Migrant crisis: Rallies in Europe as 9,000 arrive in Munich
Tens of thousands of people have taken part in a "day of action" in several European cities - and in Australia - in support of refugees and migrants.
There have also been counter-demonstrations in some countries.
Europe is struggling to cope with an enormous influx of people, mostly from Syria, who are fleeing violence and poverty in their own countries.
More than 9,000 migrants arrived in Munich on Saturday. Germany expects 40,000 to arrive over the weekend.
Chancellor Angela Merkel defended the decision to let in large numbers of refugees, saying she was "convinced it was right".
However, she faces growing criticism from her political allies, including the premier of the state of Bavaria, who told Der Spiegel magazine (in German) the situation would soon be beyond control.
Around 4,000 troops are being deployed in Germany for logistical support.
Support and opposition
In London, tens of thousands of people, some carrying placards that read "Open the Borders" and "Refugees In" marched towards the prime ministerial residence in Downing Street.
There were similar demonstrations in other UK cities.
The British government has said it will take up to 20,000 refugees over five years, but from camps in the Middle East rather than people arriving in Europe.
In the Swedish capital Stockholm, about 1,000 people appealed for more generous support for refugees.
"Sweden can do much more, not only because it has the capacity to do so, but also because it, along with the European Union, bears some responsibility for the conflict in Syria," said demonstrator Joakim, 38, who took part with his two children.
An estimated 30,000 people rallied gathered outside parliament in the Danish capital Copenhagen, chanting "Say it loud and say it clear, refugees are welcome here".
Mohammed Harra, who was born in Morocco, told Denmark's Politiken newspaper: "I am here to support refugees who have been driven out of their houses because of what has happened in Syria, with the bombings and the killings."
In other events:
- in Hamburg, a demonstration by the far-right was banned earlier this week but the main railway station was closed on Saturday after left-wing demonstrators attacked a train believed to be carrying neo-Nazis
- a counter-rally took place in the city centre
- other rallies were held in France, Austria, the Netherlands and Australia
Rallies against welcoming more refugees and migrants took place in some eastern European countries.
About 5,000 people chanting anti-Islamic slogans marched in the Polish capital Warsaw, while a nearby counter-demonstration drew about 1,000 people.
In Prague, about 800 protesters carried banners reading "I do not want refugees and Islam in Czech Republic" and "Protect the borders".
Elsewhere in the city, a smaller counter-demonstration in support of refugees attracted about 200 people, witnesses said.
Another anti-migrant rally attended by about 1,500 people took place in the Slovak capital Bratislava.
Tens of thousands of mainly Syrian migrants have been making their way from Turkey, through the Balkans and Hungary to reach Austria, Germany and Sweden.
Migrants have continued to arrive in Macedonia from Greece. More buses were reported to be heading towards the Hungarian border.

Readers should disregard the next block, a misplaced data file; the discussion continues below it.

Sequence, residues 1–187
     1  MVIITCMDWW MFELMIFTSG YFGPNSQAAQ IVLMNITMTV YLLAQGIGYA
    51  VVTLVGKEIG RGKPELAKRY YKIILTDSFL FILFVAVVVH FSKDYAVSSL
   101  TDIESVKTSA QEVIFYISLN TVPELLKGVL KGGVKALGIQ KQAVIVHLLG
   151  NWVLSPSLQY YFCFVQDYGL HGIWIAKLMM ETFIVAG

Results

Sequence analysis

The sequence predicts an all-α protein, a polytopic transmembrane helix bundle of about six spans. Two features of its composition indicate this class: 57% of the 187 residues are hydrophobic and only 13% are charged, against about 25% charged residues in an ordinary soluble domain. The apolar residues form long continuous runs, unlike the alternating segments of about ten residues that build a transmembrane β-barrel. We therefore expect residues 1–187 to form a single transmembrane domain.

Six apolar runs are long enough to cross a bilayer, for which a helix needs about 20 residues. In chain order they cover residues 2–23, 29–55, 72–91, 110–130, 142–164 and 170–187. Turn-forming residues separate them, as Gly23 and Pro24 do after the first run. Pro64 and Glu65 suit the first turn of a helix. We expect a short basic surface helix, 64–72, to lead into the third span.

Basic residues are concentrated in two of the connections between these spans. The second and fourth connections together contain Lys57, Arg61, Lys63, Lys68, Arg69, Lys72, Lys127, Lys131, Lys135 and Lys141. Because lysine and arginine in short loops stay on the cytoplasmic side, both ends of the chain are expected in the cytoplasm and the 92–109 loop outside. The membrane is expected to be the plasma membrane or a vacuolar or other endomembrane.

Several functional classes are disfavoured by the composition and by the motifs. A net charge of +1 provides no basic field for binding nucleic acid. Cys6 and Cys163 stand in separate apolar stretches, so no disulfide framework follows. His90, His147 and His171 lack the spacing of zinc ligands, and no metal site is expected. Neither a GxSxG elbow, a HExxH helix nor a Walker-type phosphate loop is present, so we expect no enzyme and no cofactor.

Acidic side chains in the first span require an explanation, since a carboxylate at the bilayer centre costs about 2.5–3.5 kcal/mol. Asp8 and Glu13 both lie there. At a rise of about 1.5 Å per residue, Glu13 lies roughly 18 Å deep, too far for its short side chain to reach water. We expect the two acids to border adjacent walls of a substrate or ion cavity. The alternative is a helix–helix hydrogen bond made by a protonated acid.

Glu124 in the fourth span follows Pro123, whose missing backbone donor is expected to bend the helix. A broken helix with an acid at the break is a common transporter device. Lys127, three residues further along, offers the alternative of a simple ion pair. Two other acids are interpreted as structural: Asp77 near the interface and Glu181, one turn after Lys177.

On the scene: James Reynolds, BBC News, Roszke, southern Hungary
Next to a set of old railway tracks, a long line of migrants and refugees queues for buses to take them to nearby registration camps, which I have not been able to visit.
A police officer calls families forward one by one. "Syria? Afghanistan? Pakistan?" the officer asks in English.
He notes their reply on a piece of paper and lets them board.
A translator stands by to help. At one point, she picks up a rake and clears rubbish from the road in front of the bus.
By contrast to the chaos and panic I witnessed at the same place on Friday night, the atmosphere is calm. The police are courteous and organised.
Volunteers walk along the line handing out sandwiches and bottles of water. The refugee families wait patiently in the sun.
Read more BBC coverage of the migrant crisis
Munich Mayor Dieter Reiter appealed urgently for other German regions to do more to process and accommodate the new arrivals.
He described as "scandalous" the failure of other regions to provide more accommodation, according to state broadcaster ARD.
Reports suggest the government is considering new temporary powers to take control of unoccupied rental property to accommodate migrants.
The crisis has exposed deep divisions within the European Union. The European Commission announced plans for obligatory quotas to share out 120,000 additional asylum seekers among 25 member countries.
The Czech Republic, Hungary, Poland and Slovakia oppose being forced to take in new arrivals.
Hungary, which has struggled to cope with some 150,000 migrants who have crossed its borders so far this year, has faced criticism.
The Austrian chancellor said Hungary's treatment of migrants reminded him of the darkest days of Europe's history - an apparent allusion to the Nazis.
The Hungarian government spokesman said Werner Faymann had run amok.
A note on terminology: The BBC uses the term migrant to refer to all people on the move who have yet to complete the legal process of claiming asylum. This group includes people fleeing war-torn countries such as Syria, who are likely to be granted refugee status, as well as people who are seeking jobs and better lives, who governments are likely to rule are economic migrants.